By: Scott Jennings
This article first appeared in the March 4, 2015 edition of the Courier-Journal.
The race to become the Republican nominee for Kentucky governor is in full-swing, with the four tickets appearing at Lincoln Day Dinners, rolling our platforms, and raising funds.
Each of the four has also assembled a team of staff and consultants, people typically unknown to the average voter but who have a profound impact on donor confidence and a candidate’s image. Two of the tickets (Comer/McDaniel and Heiner/Crosbie) have already changed campaign managers, but they are also the only two building a team formidable enough to win in November.
Here is a peek at the political operatives behind Kentucky’s GOP gubernatorial tickets:
Hal Heiner – His operation is run by Kyle Robertson, an experienced operative who previously managed campaigns for Michigan Governor Rick Snyder and Indiana Governor Mike Pence. Robertson, 37, originally from Northern Kentucky, took over for Joe Burgan who left the campaign late last year. Robertson has assembled a staff experienced in churning out “voter contact,” a term used by campaign operatives to describe volunteer activities like knocking on doors and making phone calls. That effort is led by political director Rob Secaur, a Northern Kentuckian who served numerous grassroots roles in the last two campaign cycles. Robertson and Secaur have hired several experienced staffers with granular grassroots experience, investing heavily in a modern-day voter turnout operation that could make the difference in a close race.
Kim Alfano returns as Heiner’s ad maker, also her job in his 2010 run for Louisville Mayor. She has consulted for Governor Terry Branstad of Iowa and former Indiana Governor Mitch Daniels. The pollsters are Tony Fabrizio and David Lee, experienced GOP hands. The direct mail and digital presence is run by Michael Clingaman, a Louisville native and former Executive Director of the Republican Party of Kentucky, of the Stoneridge Group.
James Comer – Like Heiner, Comer shook up his campaign last fall by replacing longtime advisor and campaign manager Holly Harris with Edwin King, 31, who previously worked for Comer’s running mate Chris McDaniel’s 2012 campaign for state Senate. King previously held staff jobs for U.S. Senators Jim Bunning and Rand Paul. Helping King are Corey Bridges, who worked on Comer’s 2011 agriculture commissioner’s race before joining his staff at the Department, and Caroline Cash, a well-liked western Kentucky GOP activist from Fancy Farm. Bridges is the Grassroots Director and Cash is handling fundraising.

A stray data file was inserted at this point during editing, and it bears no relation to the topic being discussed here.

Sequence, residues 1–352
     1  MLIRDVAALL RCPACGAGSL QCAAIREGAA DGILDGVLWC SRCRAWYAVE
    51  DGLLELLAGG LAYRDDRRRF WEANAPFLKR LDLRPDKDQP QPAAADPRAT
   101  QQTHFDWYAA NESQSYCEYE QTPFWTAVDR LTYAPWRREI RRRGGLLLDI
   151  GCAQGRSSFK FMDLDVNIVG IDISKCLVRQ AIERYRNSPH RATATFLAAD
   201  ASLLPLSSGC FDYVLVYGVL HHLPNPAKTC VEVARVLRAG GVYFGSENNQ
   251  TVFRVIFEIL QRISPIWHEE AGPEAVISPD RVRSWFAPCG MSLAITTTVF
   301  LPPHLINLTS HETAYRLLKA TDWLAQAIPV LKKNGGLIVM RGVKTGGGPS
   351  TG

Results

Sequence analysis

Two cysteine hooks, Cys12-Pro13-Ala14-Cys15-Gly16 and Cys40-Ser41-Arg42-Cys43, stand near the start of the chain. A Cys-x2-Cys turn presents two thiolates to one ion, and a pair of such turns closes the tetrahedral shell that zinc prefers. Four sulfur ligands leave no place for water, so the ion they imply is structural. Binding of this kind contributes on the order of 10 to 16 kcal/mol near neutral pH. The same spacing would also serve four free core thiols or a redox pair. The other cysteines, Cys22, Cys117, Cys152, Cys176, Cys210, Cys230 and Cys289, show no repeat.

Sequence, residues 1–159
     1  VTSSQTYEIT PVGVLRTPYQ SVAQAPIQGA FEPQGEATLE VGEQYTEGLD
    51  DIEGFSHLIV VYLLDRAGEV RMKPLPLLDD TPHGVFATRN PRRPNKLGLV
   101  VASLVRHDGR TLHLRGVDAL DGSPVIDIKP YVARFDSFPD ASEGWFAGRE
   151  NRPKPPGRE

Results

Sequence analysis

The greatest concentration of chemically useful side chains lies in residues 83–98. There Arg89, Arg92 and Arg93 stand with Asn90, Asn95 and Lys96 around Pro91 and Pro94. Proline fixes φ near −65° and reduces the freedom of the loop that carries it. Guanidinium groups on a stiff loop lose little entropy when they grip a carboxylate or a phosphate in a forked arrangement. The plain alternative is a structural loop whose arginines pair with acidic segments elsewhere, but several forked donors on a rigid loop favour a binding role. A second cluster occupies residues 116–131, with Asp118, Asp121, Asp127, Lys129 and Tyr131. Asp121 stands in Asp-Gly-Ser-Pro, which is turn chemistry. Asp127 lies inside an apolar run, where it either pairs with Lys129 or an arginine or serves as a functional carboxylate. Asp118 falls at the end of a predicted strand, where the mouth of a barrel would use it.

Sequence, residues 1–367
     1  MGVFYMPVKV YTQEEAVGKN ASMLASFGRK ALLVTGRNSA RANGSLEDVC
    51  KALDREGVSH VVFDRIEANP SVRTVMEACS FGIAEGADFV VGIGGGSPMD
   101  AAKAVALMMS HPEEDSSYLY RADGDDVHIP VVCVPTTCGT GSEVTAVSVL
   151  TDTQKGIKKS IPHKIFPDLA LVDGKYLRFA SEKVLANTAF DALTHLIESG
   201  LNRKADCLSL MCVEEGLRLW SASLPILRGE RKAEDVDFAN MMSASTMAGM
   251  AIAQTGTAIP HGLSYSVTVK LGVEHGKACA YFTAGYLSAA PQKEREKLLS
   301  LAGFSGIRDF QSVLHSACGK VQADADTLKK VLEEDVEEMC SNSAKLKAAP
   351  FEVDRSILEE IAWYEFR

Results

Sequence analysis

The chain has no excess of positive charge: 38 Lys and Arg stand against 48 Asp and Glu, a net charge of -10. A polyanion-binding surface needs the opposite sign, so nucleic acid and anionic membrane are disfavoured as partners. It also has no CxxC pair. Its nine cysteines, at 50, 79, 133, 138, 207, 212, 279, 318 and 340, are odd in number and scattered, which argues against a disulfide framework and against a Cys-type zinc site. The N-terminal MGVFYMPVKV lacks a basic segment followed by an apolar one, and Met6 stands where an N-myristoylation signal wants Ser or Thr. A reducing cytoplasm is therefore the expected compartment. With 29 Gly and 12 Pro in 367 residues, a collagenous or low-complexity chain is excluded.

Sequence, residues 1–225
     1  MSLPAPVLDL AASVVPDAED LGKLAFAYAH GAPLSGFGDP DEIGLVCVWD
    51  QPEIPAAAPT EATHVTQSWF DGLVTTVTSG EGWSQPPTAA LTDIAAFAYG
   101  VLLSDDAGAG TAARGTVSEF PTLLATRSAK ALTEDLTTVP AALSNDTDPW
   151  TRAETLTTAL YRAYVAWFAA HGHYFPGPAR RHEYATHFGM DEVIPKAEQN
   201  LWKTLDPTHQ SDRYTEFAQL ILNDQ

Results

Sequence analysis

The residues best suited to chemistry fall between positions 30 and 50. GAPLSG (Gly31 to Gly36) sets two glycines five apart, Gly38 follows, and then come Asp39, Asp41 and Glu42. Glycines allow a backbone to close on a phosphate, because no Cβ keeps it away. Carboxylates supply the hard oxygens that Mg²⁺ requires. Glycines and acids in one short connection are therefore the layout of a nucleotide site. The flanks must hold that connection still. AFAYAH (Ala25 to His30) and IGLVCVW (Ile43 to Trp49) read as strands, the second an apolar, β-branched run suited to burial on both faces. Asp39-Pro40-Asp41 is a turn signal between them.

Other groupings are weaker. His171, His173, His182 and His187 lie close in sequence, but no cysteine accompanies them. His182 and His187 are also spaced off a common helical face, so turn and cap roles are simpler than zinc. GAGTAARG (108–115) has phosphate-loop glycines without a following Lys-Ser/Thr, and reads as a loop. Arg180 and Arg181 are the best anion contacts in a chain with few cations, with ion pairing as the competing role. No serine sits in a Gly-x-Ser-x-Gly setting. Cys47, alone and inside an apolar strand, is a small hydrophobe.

Comer boasts perhaps the two most well-known consultants in the race. His ad maker is Jon Downs, a partner at FP1 Strategies in Washington D.C. Downs is widely regarded as one of the most talented video magicians in the business and was just hired to make ads for Jeb Bush. Operatives involved with the 2012 GOP presidential primary still marvel at Downs’s work for Ron Paul’s campaign, especially his devastating attacks on Newt Gingrich. While Heiner is winning the quantity battle on delivering video content, Comer is winning on the quality front.
Comer’s pollster is Robert Blizzard of Public Opinion Strategies, a well-known firm with heavy Kentucky experience. Blizzard and his partner Neil Newhouse have worked for Kentuckians for Strong Leadership, the Super PAC that supported U.S. Senator Mitch McConnell’s reelection in 2014 (author’s note – I was a consultant to KSL as well), Congressman Andy Barr and the Republican Party of Kentucky.
Will T. Scott – The Scott campaign is managed by Tea Party activist David Adams, a polarizing figure in Republican circles. Adams has been involved in various campaigns over the years, including Phil Moffett’s 2011 gubernatorial run, Rand Paul’s 2010 U.S. Senate primary (he was replaced by Jesse Benton for the general election), and other local races. Most recently, Adams was seen hanging around Matt Bevin’s campaign against McConnell in the 2014 primary for U.S. Senate. He is also suing Governor Steve Beshear over implementation of Obamacare in Kentucky.
The only other consultant mentioned by Adams is Ray Stewart, a longtime political and media specialist in Eastern Kentucky known for making ads for local officials that sometimes “push the envelope” and are “outrageously negative,” according to Courier-Journal columnist and UK professor Al Cross. It remains to be seen whether Scott will have enough money to deliver any of Stewart’s product.
Matt Bevin – The last entrant into the race appears to have hired an operative named Ben Hartman as his campaign manager, last seen in Kansas managing the losing effort of Tea Party Senate candidate Milton Wolf against U.S. Senator Pat Roberts in the 2014 primary. Wolf’s campaign was supported by the same national groups who backed Bevin over McConnell. It is unclear if other consultants have been hired, but Bevin has apparently opened a few campaign offices and has been seen at events with field staffers. I emailed Hartman with a request for information for this column but he did not respond. He did, however, start following me on Twitter. Bevin has issued a policy platform, notable for flip-flopping his position on cockfighting (he’s against it now).
As we know in Kentucky, jockeys matter in horse races. Which of these political equestrians will have their horse crossing the finish line first on May 19th? Time will tell.
Scott Jennings is a former advisor to President George W. Bush and U.S. Senator Mitch McConnell. He is a partner at RunSwitch Public Relations and can be reached at firstname.lastname@example.org or on Twitter @ScottJenningsKY. The online version of this column contains hyperlinked citations.